Underlying analysis for EU legislation – Do climate models support the Commission's policy choices?
WATCH THE RECORDING HERE
EU law and practice mandate the use of impartial Impact Assessments to guide the formation of EU policies, including climate policies. They are supposed to synthesise the best available cost, technology and scientific information.
At the heart of climate-relevant Impact Assessments are model-based scenario quantification tools. PRIMES is the Commission's modelling tool for the EU Fit for 55 initiative. As with any tool, how the tool is wielded determines results. Incorrect assumptions provided to modellers can result in the well-known "garbage in / garbage out" phenomenon.
The Commission has relied on PRIMES for more than a decade as its primary modelling tool. When PRIMES first appeared, the Commission acknowledged the need for transparency in its use. However, some stakeholders argue that how the Commission uses PRIMES is unknown and unknowable to them as it refuses to disclose its modelling process. They also claim it forbids the managers of PRIMES from sharing details with public stakeholders.
If this is the case, it raises questions about the role and influence of the European Commission in a post-COVID world. The first is whether the Commission has a process to update information and assumptions in PRIMES to keep pace with quick moving developments in the real world - or whether PRIMES in 2021 continues to use modelling assumptions from before 2010. The second is whether PRIMES is being used not as a precursor to policy decisions, but rather to justify ideologically-driven policymaking.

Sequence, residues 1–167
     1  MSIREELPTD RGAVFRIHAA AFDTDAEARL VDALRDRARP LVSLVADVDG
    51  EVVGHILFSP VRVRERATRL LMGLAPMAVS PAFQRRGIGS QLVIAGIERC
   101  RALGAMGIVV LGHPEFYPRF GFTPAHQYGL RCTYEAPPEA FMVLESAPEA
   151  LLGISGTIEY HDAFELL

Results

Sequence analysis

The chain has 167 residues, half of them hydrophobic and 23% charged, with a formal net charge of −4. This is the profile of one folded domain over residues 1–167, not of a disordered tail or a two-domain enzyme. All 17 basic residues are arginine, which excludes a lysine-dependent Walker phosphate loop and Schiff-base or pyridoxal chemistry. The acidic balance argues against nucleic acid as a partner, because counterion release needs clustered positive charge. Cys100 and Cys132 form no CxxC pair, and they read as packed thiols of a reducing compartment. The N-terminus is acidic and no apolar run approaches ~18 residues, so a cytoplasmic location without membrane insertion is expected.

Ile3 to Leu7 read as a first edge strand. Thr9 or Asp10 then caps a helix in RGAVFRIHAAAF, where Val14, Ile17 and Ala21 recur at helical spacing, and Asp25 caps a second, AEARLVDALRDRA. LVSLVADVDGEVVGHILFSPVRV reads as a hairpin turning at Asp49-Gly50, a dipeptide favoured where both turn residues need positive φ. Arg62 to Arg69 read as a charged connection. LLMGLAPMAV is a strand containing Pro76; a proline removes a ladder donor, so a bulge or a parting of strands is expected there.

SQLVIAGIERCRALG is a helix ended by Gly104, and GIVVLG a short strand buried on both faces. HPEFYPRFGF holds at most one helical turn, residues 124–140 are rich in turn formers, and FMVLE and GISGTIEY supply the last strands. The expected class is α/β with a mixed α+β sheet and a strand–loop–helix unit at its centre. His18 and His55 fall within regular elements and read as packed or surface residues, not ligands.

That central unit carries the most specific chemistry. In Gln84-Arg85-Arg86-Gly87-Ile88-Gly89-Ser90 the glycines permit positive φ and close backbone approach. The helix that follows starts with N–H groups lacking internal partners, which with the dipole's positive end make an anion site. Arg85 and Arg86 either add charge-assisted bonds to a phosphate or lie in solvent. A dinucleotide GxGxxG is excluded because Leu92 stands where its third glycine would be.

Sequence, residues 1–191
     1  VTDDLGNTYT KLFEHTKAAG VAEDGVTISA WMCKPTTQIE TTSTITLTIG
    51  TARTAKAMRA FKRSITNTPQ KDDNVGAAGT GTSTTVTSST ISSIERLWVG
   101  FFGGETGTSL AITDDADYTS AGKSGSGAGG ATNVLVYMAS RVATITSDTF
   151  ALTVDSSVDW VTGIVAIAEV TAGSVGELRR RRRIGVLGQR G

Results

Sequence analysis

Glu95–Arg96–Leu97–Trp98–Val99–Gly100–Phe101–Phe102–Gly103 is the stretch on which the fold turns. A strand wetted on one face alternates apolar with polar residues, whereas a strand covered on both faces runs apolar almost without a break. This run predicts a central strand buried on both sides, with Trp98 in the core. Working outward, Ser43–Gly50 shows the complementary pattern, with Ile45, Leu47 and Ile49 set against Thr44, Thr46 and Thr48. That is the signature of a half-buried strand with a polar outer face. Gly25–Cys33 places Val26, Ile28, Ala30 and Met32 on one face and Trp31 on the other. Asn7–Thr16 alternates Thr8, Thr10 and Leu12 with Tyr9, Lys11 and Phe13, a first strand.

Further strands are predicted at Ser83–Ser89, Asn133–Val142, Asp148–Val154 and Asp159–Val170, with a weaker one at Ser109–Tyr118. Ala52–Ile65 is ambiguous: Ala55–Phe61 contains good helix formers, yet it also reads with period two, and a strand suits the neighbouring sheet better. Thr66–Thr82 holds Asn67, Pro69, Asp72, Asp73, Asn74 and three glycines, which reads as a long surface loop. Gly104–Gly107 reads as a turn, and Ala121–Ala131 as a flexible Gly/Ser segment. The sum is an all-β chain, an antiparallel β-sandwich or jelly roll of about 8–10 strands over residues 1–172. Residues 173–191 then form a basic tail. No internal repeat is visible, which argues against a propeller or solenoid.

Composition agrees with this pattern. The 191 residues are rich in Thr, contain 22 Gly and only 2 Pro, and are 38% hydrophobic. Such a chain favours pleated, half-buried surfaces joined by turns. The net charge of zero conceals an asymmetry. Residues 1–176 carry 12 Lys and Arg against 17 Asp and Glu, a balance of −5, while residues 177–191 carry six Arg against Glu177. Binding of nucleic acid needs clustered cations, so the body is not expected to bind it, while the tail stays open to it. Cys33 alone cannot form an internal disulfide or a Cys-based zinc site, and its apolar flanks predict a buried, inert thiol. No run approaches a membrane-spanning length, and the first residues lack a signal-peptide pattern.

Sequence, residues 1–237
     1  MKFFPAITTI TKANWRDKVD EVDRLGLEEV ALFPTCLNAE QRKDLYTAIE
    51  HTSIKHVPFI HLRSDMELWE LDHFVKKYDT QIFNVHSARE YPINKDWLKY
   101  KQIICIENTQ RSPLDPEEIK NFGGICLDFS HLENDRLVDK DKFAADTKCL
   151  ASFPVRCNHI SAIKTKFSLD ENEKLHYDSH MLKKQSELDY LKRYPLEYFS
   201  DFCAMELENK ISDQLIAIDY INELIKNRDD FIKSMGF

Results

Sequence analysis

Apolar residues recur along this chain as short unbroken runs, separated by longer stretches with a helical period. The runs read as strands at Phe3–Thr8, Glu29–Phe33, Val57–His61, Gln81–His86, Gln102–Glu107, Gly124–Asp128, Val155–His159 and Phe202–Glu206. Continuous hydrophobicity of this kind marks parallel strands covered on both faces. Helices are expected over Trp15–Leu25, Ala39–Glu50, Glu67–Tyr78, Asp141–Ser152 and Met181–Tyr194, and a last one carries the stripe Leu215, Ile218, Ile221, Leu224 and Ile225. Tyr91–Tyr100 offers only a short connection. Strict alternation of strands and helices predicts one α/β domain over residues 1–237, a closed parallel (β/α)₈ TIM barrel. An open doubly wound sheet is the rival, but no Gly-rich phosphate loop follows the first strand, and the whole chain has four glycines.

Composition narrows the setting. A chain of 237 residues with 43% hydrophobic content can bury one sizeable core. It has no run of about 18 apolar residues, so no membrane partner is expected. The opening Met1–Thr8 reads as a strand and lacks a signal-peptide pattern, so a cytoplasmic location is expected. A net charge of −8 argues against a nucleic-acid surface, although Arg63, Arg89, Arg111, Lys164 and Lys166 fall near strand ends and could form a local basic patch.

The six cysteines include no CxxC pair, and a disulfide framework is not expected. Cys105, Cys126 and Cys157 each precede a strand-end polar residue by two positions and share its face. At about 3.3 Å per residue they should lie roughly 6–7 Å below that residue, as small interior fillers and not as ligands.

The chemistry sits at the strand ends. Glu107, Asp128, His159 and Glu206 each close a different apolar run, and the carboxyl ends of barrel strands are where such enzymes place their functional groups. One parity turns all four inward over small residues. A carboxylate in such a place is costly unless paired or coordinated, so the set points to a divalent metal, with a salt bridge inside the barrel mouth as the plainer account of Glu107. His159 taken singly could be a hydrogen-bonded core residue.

Join this EURACTIV Virtual Conference to discuss the Commission's Impact Assessment for the transport sector in the latest climate package. If modelling data is seen to contradict real world data, what are the consequences? And who is responsible for ensuring that modelling assumptions evolve with real-world data, technology advances and the actual provisions of EU laws?
WATCH THE RECORDING HERE
Pernille Weiss MEP, Member ITRE and ENVI Committees, European Parliament
Alessia De Vita, Director, Energy Analysis and Policy, E3Modelling
Dr. Diana Süsser, Research Associate, Institute for Advanced Sustainability Studies (IASS)
Robert Jeszke, Head of Strategy, Analysis and Auction Unit, KOBiZE
Luc Vernet, Co-founder, Farm Europe
Eric Sievers, Director of Investments, ClonBio
Dave Keating, Journalist, EURACTIV
09:30 – 09:35 Welcome
09:35 – 09:45 Panellist statements
09:45 – 10:55 Discussion and Q&A
10:55 – 11:00 Closing statements
A new report has found that following years of investments, crop-based bioethanol should now be considered a “cost-effective” measure to reduce road transport CO2 emissions by 2030.